In today’s world most of us engage not just one job throughout our adult lives but several, from early jobs as a youth gaining some experience or training to later career work that might be better attuned to our interests and sense of purpose.
As a self-discovery exploration I invite you to make a list of your workaday jobs. Note your age when you started and (if) finished each job, and write a brief job description. Then consider for each job:
What LIFE LESSON(s) did I take away from this activity?
To pilot this Tool, allow me to briefly engage with this myself to see where it may lead:
- Horse drawings (around 6-7 YO): I loved to draw horses (always wanted my own horse and never had one, though I did get to help with horses at local stables in Pennsylvania with my sisters and friends). After feeling I had mastered a basic horse drawing design, one day I went around the neighborhood door-to-door, offering my artwork for a dime per drawing. Neighbors were supportive and I felt a sense of accomplishment. LIFE LESSON: It is okay to share with others your creative products.
- Ice picking at the community Peach Festival in Lewiston, NY (15 YO): First paid job, and I didn’t stay with it long enough to be paid. Terrible work without any safety gear. I still have scars on my hands from inexpertly hacking away at a block of ice for some stall owner who did not care. LIFE LESSON: Use proper discrimination before accepting a responsibility; be sure you will be capable and safe.
- Crab and salmon cannery, Yakutat Alaska (19 YO summer) LIFE LESSON: Life is a Great Adventure!
- Grape vineyard and peach orchard, solo farm hand (20 and 21 YO, summer work to help pay for college spending): This was my first real job, a job of choice. I knew I needed to work but did not want a “normal” job such as waitressing or secretarial labor. This was outdoors and I worked mainly alone in the fields or driving a tractor. The farmer gave me many responsibilities, which I loved! (…Until the day he became inappropriate with me; I left shortly after that, not to return.) LIFE LESSON: Follow the beat of your own Heart; Enjoy responsibility and work hard to excel. I learned how I dearly love to work hard and produce positive results.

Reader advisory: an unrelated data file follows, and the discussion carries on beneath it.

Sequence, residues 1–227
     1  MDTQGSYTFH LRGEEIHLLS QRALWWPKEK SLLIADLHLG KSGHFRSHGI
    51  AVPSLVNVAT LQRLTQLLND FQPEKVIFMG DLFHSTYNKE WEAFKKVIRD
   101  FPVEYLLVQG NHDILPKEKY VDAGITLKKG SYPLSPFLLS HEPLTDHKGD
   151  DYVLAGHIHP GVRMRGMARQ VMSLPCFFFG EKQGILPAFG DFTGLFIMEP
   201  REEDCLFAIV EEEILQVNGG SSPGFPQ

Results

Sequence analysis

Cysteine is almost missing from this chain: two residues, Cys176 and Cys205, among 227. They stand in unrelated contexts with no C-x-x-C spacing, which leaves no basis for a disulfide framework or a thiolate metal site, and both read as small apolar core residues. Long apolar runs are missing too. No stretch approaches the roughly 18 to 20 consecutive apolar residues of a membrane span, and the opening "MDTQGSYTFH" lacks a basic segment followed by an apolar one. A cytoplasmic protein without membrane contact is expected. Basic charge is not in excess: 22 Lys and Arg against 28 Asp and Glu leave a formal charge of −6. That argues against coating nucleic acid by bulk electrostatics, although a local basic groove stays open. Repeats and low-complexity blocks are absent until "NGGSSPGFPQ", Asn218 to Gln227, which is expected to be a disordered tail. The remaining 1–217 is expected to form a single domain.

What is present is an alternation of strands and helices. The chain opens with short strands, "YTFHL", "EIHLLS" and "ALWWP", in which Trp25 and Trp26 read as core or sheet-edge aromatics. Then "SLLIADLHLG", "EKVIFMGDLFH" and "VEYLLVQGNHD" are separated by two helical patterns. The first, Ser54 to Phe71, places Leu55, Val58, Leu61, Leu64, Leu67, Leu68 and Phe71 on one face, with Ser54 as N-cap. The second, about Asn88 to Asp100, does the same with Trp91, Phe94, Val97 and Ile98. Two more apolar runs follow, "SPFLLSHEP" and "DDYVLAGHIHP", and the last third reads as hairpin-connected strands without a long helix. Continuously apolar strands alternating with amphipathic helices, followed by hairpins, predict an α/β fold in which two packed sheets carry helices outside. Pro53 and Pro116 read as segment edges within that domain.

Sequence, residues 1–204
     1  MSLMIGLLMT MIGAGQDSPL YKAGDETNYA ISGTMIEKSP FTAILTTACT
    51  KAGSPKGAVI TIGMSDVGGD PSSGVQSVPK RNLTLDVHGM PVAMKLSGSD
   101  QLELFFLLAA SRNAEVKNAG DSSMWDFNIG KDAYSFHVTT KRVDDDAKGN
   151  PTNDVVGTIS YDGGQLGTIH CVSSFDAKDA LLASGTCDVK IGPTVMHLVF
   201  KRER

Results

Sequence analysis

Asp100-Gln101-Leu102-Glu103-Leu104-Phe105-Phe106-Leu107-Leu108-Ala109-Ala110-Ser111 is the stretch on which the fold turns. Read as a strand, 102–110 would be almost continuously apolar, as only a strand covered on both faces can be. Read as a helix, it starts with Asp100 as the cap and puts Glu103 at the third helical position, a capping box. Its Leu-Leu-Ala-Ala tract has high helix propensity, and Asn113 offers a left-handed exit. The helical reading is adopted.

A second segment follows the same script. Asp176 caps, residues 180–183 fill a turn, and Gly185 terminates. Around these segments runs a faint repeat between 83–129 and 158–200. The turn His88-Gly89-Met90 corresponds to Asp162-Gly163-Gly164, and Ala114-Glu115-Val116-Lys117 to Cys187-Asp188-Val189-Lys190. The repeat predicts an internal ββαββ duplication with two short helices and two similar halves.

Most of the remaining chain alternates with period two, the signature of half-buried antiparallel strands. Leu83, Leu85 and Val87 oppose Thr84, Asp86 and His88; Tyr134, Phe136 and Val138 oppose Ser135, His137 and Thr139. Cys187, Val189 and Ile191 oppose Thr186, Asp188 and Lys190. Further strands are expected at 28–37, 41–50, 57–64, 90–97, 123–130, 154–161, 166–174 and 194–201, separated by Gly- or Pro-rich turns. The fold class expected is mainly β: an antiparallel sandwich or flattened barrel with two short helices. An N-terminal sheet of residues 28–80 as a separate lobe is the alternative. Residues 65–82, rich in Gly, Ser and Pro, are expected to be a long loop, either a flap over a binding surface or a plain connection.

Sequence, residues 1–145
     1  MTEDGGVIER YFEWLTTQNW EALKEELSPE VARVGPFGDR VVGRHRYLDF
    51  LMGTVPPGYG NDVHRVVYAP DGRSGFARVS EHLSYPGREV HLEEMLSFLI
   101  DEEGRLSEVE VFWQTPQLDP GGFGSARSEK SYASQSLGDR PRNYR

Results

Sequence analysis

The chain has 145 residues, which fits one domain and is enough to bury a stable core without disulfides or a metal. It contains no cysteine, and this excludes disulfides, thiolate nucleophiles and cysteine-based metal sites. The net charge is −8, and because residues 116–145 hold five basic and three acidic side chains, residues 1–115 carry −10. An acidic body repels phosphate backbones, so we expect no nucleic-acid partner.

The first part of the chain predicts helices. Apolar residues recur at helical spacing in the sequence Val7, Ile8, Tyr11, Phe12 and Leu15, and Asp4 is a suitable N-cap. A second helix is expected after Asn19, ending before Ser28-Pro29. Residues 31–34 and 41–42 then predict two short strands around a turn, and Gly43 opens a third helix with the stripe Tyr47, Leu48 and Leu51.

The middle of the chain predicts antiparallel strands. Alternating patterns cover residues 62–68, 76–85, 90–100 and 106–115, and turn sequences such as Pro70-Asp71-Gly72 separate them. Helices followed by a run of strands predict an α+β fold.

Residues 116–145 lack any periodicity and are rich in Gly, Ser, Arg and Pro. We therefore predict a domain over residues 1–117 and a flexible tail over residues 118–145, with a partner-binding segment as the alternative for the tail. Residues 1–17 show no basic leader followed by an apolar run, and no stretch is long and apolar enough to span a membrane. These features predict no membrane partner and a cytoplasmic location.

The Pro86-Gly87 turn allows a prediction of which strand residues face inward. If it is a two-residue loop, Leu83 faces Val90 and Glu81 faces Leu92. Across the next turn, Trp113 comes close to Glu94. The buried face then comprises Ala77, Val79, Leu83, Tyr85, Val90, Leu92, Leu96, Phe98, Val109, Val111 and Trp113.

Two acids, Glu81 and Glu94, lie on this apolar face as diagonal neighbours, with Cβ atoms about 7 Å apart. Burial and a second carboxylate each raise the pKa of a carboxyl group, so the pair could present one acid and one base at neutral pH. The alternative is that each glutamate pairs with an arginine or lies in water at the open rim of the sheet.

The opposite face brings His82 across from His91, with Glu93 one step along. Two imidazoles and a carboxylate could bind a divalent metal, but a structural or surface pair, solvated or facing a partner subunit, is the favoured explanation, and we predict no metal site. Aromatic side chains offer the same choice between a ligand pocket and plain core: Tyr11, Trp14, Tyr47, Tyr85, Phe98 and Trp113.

- Ushering and parking booth attendant at a new performing arts center (22 – 24 YO) : I enjoyed every aspect of this and was promoted to Head Usher. LIFE LESSON: Exciting opportunities abound (I almost accepted a job in NYC becoming a nanny for a world class symphony conductor’s family; loved the variety of shows and the elan of performance.)
- Tutoring English at my undergraduate college (21-22 YO): Fell in love with teaching. LIFE LESSON: I can be of positive service through sharing knowledge by helping facilitate learning in others.
- Research Associate and Teaching Assistant, and Faculty adjunct at community colleges, while in graduate school (14 yrs in grad school). LIFE LESSONS: Many.
- University teaching (pre-tenured and then tenured faculty, and Chair two terms), 25 years. LIFE LESSONS: The importance of following my own inner guidance and developing detachment from academic politics or personality clashes; enjoyment of working with wonderful students; also the value of maintaining my spiritual focus and creative activities separately from the academic setting.images are from pixabay.com
- Spiritual services roles (44 yrs, many different roles and opportunities). LIFE LESSONS: How to be a spiritual co-worker with others in voluntary roles; and how to stand back to help facilitate spiritual seeking and growth in others.
- Writing for publication (many years): LIFE LESSONS: Persistence, commitment, dedication, willingness to work and rework; editing; then eventually morphing the project to team-based efforts and ultimately being able to release and share the work with as broad a readership as the book may reach. (Joy and the desire to produce more in service to Life!)
So, what might your history of Life Lessons from Working reveal? I see in mine a widening arc of responsibilities and a growing love of creative expression and Service. I love the feeling of independence that comes with varying responsibilities along with the expansion of knowledge and the capacity to grow from working with others as well as alone. I can hardly separate work from life as a whole, as the lessons have abounded holistically.
As I now prepare for a fast approaching retirement from my main academic position, this exercise has helped me to understand that this process will never dissipate but will only continue to expand!
So, what is YOUR story? I invite you to engage your own reflections about your Life Lessons from Work!